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Data Show Consumers Gobbling More Turkey Burgers

Filed under Marketing, Research, Turkey, Upscale Burgers

The Ruby’s Diner chain continues its “Endless Summer” promotion this month with the addition of a Premium Baja Turkey Burger, the latest in a series of turkey burgers strutting onto American menus. The most visible was the three-item line of Charbroiled Turkey burgers that Hardee’s tested in December 2010 and then rolled out systemwide in March this year. TV advertising featured, appropriately and cleverly, Miss Turkey.

If it seems that turkey burgers have become substantially more common on menus, that’s because it’s true. Data compiled for by researcher Mintel from its Mintel Menu Insights database show that the number of turkey burgers has risen 53% in the last three years, from 36 on the menus it charts in 2009’s Q1 to 55 in the first quarter of 2011.

Even greater, however, has been the rise in turkey as a burger option. For example, the menu at the BJ’s restaurant chain informs guests, “Make any burger a turkey burger with a 7 oz., 100% white meat, grilled turkey patty at no additional cost.” According to Mintel data, the number of  beef burgers on menus for which customers have the option of  substituting turkey as the protein has jumped 84% since 2009’s first quarter, rising from 104 to 191 in three years.

A few details in the data are worth noting. One is that a natural assumption is that turkey burgers have spread in reaction to recent beef price increases. But while it’s true that the number of turkey burgers jumped 17% between 2010’s fourth quarter and 2011’s first quarter, turkey burgers’ growth has been steady over the past three years, increasing 29% in the six months from 2009’s Q4 to 2010 Q2. It’s not just a 2011 phenomenon.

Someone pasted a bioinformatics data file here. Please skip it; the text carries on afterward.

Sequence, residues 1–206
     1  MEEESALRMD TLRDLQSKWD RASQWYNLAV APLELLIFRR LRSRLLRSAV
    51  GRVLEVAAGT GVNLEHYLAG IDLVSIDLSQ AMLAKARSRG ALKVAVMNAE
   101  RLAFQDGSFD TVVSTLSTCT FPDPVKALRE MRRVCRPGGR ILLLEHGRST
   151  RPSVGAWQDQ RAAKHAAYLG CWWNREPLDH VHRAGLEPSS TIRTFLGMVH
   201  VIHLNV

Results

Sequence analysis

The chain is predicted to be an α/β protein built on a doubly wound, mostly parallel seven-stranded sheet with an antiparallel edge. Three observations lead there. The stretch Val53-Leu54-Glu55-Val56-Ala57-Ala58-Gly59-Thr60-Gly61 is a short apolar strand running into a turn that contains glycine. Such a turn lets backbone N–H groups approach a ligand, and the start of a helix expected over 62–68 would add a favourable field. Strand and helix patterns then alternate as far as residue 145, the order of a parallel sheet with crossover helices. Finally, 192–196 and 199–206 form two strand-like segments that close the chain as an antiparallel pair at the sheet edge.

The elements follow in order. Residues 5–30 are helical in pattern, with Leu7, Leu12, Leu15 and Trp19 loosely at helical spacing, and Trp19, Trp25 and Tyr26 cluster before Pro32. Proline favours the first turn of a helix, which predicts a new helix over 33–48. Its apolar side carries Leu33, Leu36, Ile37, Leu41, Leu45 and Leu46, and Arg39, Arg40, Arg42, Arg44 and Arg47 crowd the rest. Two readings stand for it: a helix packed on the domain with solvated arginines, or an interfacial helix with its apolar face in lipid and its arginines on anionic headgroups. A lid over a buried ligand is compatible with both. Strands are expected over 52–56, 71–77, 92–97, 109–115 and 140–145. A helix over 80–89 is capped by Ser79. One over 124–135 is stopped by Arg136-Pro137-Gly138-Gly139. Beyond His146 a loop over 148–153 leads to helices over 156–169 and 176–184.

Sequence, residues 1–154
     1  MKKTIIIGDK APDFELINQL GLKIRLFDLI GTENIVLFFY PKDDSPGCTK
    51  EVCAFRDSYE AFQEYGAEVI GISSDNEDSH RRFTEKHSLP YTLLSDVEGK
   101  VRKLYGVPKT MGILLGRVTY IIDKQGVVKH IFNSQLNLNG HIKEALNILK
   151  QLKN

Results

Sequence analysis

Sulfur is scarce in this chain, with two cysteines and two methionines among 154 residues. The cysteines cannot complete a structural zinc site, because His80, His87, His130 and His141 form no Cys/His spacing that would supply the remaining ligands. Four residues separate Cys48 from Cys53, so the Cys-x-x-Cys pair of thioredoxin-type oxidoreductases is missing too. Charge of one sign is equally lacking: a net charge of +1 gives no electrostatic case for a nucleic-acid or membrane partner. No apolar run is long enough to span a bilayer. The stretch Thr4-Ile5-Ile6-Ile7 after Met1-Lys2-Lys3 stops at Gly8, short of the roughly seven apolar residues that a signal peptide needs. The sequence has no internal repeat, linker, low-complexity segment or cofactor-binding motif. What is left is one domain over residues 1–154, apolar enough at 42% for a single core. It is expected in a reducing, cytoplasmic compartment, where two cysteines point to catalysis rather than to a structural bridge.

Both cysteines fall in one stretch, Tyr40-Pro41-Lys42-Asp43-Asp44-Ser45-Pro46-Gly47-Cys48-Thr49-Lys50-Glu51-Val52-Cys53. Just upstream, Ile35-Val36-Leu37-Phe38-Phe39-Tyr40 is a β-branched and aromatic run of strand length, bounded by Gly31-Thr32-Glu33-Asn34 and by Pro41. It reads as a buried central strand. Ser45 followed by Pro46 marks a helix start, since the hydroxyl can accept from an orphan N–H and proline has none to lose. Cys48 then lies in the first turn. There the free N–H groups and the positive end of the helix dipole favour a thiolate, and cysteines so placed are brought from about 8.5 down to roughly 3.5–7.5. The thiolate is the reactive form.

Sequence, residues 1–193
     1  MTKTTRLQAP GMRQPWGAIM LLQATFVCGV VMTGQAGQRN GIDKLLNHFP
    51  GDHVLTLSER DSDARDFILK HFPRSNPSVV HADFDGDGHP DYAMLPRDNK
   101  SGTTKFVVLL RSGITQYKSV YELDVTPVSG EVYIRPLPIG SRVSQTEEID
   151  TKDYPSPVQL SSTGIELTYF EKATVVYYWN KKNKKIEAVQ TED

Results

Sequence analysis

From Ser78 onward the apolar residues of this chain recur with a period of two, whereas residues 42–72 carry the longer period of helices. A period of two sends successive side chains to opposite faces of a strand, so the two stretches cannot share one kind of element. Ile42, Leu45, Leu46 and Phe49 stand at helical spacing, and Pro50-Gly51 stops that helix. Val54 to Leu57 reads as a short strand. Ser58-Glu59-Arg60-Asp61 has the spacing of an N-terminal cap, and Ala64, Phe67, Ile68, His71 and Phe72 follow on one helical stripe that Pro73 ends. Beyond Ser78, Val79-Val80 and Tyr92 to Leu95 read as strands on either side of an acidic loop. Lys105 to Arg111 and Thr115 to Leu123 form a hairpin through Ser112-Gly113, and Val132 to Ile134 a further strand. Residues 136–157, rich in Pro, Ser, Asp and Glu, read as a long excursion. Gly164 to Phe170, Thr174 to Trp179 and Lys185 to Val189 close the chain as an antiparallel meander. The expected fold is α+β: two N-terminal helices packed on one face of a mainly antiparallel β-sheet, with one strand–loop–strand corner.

This indicates to me that turkey burgers’ growth results from consumer demand as well as operators’ profit interest. Turkey was hot before beef prices made poultry cool. Jack in the Box added its Turkey, Bacon & Cheddar Grilled Sandwich in February 2010. The Burgerville chain in the Pacific Northwest made a turkey burger its seasonal LTO in November 2009 and created a Crispy Onion & Spinach Turkey Burger in April 2010, before the sharp beef-price rise.

Also interesting is that, despite Hardee’s (and later Carl’s Jr.’s) much-publicized success with turkey burgers, quick-service restaurants (QSRs) lag far behind casual dining in adding turkey. Mintel Menu Insights data finds that 42% (24 of 55) of turkey burgers on menus in Q1 2011 can be found at casual-dining restaurants. Ruby Tuesday, for example, offers an Avocado Turkey Burger topped with avocado, Swiss cheese, applewood-smoked bacon, red onion and pickles. T.G.I. Friday’s menu lists just five burgers, but one is a turkey burger. Turkey burgers also are on the menu at The Cheesecake Factory, O’Charley’s and others.

As is often the case, indie burger joints are ahead of the national chains in turkey-burger menu innovation. Here are 10 turkey burgers worth gobbling:

Ξ The Caribbean Turkey  is topped with sautéed julienned zucchini, bell pepper, carrots and house-made Caribbean jerk sauce at Barney’s Gourmet Hamburgers in San Francisco, where the menu includes no fewer than 10 turkey burgers.